About 2.5% of Americans consider themselves Vegan. These are people who avoid foods produced by animals and stick to a strict plant-based diet. Some experts feel a vegan diet isn’t optimal for our bodies. For instance, the German Nutrition Society say it’s impossible to get sufficient nutrition from it.

So, is it possible to get all the nutrients your body requires from a vegan diet?

The answer is yes. With appropriate planning, one can achieve the right balance of nutrients required by the body, pointed out the Academy of Nutrition and Dietetics.

As per the German report, there are 10 nutrients which they feel a plant-based diet cant adequately provide:

“Vitamin b12, protein, long-chain omega 3 fatty acids, riboflavin, vitamin D, calcium, iron, iodine, zinc and selenium”.

Below are some of the steps you can take to make the most of your vegan diet and get the required amount of each:

Meet with a nutritionist

Consult with a nutritionist who specializes in vegan diets. This way, you can come up with a diet customized to your needs.

Making the transition to a Vegan diet might not be easy because some people are picky eaters. A nutritionist will come up with a plan based on your preferences and also know how much supplements you may require. Going at it alone might affect your nutritional intakes, especially since too much of some supplements can be risky.

But if you can’t meet a dietician, the book, Becoming Vegan will be helpful.

Have ‘back-up’ food on the go

Much as there are enough Vegan restaurants these days, you may find it hard to get suitable plant-based meals while on the go. A vegan protein bar will give you the much required nutrients you need as opposed to skipping a meal altogether.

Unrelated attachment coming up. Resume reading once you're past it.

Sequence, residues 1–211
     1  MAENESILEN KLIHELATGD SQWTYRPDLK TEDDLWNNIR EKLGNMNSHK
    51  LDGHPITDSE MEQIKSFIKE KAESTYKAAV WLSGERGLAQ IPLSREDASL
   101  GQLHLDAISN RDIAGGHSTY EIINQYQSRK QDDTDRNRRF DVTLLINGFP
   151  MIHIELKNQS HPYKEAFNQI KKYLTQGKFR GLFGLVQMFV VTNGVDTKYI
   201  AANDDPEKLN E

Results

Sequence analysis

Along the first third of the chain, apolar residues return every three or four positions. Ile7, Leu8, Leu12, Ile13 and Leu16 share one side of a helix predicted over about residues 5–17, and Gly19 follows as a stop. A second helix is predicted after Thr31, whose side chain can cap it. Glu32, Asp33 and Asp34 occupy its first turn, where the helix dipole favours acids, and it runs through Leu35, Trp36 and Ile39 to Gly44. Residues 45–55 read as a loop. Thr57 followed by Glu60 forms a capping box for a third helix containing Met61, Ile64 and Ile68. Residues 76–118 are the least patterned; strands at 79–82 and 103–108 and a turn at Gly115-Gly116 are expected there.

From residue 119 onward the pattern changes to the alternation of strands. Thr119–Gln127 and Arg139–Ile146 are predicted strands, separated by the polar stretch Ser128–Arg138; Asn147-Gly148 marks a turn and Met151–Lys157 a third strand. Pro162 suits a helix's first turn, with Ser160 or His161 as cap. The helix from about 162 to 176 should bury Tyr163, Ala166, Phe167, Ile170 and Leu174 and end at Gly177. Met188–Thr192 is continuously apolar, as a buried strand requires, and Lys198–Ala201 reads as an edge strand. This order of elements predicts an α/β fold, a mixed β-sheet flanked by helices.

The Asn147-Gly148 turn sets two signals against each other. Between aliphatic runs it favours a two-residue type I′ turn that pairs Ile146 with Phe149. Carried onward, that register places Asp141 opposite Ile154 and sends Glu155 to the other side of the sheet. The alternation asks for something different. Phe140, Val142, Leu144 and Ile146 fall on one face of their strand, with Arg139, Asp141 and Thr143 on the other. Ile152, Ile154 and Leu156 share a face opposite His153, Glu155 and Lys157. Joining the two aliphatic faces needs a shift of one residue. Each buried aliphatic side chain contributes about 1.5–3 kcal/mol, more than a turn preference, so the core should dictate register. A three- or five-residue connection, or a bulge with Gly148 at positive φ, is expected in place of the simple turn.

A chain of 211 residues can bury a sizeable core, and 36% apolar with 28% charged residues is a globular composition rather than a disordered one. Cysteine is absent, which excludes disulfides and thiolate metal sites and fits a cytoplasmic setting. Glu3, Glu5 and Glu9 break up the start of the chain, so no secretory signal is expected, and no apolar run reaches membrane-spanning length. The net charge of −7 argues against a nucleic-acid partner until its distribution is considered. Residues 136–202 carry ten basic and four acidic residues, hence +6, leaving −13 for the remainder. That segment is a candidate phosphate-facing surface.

Make sure you have a few bars on you, just in case. You are better off packing some few nutrients than falling short completely.

Buy vegan cookbooks

The secret to a successful vegan diet is variety. Don’t eat the same meals over and over again otherwise you will get bored. No matter how healthy the meal is sticking to the same meals will make you miss out nutrients found in other plant-based meals.

Much as salads are great, top them up with protein-based pulses, nuts, whole grains, seeds and fruits. This will broaden your spectrum of nutrients intake.

Try the recipe book: Plant-Powered for Life by Sharon Palmer. And don’t forget your recommended dose of supplements too.

Consider being ‘mostly vegan’

There are those people who are strictly vegetarian; NO animal produce intake whatsoever. This is mostly based on religion, ethics or animal rights beliefs. But if you have decided to go vegan for the sole purpose of improving your healthy, being ‘mostly vegan’ might work just fine.

Here you get to meet nutritional needs by adding some low mercury sea foods, or organic eggs. This might also prevent the temptation to backslide to an animal-heavy diet.

So if its not for religion or animal rights, by all means mix it up a bit to strike that nutritional balance. This way, you will manage to eat healthier longer…